Fixed Annuity vs Index Annuity: Which Do You Need?
Securing steady, reliable income payments in retirement can be a big challenge. Fixed annuities and index annuities are two types of annuity contracts that can help provide reliable retirement income.
While their names are suspiciously similar, these two annuity products work very differently. A fixed annuity offers a guaranteed rate of return on your initial investment. An index annuity, meanwhile, may offer greater returns—in exchange for greater risk.
Here’s a closer look at both types to help you decide which you should choose for your retirement plan.
How Do Annuities Work?
An annuity is a contract between you and an insurance company or financial services firm. With an annuity, you’re investing money in an insurance product. In exchange, the insurance company guarantees that you will receive regular income payments over the course of a predetermined period of time in the future.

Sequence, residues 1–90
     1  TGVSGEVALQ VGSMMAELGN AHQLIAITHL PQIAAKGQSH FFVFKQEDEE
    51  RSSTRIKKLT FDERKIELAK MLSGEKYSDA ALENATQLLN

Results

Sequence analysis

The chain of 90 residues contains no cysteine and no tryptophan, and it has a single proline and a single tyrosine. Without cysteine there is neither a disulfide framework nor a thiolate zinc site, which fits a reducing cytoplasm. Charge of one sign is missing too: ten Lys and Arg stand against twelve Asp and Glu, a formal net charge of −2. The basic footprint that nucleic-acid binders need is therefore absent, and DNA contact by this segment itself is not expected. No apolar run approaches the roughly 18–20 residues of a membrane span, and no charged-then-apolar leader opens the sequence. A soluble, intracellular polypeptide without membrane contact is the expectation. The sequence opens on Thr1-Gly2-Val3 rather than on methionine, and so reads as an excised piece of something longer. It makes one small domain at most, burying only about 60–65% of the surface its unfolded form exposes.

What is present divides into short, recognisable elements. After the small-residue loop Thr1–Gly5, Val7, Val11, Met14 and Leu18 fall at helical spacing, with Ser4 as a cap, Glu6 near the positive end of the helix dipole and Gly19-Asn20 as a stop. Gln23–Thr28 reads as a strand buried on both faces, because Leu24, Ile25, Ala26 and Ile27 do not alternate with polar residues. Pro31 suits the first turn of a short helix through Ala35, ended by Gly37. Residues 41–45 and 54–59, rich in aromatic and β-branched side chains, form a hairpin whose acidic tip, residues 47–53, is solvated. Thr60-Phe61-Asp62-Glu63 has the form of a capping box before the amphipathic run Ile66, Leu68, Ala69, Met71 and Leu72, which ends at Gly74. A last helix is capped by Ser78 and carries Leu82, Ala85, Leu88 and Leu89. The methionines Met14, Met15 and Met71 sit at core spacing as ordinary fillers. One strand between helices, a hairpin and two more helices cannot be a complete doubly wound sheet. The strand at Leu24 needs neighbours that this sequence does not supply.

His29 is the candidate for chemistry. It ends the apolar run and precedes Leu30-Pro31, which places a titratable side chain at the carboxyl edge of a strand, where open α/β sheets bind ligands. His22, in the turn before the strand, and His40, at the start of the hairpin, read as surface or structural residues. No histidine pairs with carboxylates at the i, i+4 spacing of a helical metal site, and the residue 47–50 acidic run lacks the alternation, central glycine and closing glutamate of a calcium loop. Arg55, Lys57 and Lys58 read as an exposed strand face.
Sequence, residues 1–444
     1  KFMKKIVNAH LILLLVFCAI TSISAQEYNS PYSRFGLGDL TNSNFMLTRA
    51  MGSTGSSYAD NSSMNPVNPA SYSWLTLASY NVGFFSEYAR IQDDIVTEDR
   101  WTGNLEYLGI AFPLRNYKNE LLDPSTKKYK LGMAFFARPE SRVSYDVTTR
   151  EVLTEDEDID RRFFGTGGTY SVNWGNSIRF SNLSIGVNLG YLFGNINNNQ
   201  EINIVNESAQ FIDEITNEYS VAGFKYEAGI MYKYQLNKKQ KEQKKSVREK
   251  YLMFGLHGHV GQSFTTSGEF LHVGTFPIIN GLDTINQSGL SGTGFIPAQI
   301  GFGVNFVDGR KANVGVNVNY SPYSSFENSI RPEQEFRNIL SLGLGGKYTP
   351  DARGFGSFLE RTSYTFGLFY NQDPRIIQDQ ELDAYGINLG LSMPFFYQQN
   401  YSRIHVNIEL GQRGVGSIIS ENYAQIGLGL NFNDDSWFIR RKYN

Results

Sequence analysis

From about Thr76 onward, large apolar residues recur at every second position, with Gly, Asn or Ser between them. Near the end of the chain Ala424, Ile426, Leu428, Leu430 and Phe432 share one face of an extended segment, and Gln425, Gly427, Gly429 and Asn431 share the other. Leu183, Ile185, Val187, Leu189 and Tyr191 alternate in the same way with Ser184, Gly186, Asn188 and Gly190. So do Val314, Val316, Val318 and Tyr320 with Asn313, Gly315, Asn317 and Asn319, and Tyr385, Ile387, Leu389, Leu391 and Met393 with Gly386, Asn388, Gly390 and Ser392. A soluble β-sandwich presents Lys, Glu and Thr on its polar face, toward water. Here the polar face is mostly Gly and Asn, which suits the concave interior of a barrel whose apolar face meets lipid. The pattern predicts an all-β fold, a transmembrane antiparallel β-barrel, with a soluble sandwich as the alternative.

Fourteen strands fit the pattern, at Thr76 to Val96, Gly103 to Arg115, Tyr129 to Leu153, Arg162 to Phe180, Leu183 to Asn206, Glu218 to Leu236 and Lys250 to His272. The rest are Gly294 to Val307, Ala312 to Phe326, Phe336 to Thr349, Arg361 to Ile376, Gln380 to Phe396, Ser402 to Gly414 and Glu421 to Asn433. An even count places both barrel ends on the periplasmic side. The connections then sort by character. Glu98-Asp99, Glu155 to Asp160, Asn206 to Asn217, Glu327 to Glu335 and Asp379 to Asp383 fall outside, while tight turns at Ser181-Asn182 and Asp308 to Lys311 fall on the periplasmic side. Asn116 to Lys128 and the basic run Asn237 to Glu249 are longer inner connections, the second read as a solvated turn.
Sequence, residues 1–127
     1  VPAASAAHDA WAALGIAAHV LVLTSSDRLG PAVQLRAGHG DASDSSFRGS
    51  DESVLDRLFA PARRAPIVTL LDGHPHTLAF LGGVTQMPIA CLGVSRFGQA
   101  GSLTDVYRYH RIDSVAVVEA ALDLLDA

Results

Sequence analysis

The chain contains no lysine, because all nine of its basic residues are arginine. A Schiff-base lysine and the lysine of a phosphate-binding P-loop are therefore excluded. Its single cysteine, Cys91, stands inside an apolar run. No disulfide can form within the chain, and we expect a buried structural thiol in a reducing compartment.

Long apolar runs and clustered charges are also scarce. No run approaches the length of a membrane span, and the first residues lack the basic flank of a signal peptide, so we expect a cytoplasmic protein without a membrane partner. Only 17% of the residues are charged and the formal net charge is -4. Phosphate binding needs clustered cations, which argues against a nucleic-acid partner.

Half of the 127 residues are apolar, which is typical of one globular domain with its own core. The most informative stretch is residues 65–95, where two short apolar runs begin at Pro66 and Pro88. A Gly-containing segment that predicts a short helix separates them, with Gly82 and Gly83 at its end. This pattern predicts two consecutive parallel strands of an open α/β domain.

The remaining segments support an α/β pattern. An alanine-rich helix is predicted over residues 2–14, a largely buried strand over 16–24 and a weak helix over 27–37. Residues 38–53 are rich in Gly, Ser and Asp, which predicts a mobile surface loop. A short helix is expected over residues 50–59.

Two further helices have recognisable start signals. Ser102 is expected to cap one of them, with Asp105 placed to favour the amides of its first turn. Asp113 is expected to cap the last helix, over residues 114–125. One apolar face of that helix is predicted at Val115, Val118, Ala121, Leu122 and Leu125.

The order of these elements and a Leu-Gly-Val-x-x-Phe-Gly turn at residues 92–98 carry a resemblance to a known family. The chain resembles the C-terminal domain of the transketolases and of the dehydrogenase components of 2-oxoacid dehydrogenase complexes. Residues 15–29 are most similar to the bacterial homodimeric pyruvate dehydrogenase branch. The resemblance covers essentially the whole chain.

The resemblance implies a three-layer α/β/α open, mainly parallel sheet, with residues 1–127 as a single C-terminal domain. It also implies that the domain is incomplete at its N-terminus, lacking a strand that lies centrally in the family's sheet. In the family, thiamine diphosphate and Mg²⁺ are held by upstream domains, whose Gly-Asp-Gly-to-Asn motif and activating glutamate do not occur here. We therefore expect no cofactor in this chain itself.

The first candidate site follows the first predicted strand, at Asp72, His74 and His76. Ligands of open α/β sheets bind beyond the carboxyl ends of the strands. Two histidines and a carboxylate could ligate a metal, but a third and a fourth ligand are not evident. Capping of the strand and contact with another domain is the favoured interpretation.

You can fund an annuity with a lump-sum payment or with smaller payments over time. The period when you’re contributing money to an annuity is referred to as the accumulation phase. When you begin to receive income payments, you’ve entered the distribution or payout phase.
As its name suggests, a fixed annuity provides a fixed rate of return, similar to a certificate of deposit (CD) or a bond. Index annuities and variable annuities give you exposure to financial markets and generate varying rates of return.
All annuities have annual management fees and what’s referred to as a surrender period, or a six-to-eight year period after you purchase the annuity when you can’t withdraw funds you’ve invested in the annuity without a penalty.
How Does a Fixed Annuity Work?
A fixed annuity gives you a set rate of return on the money you invest for a set period of time.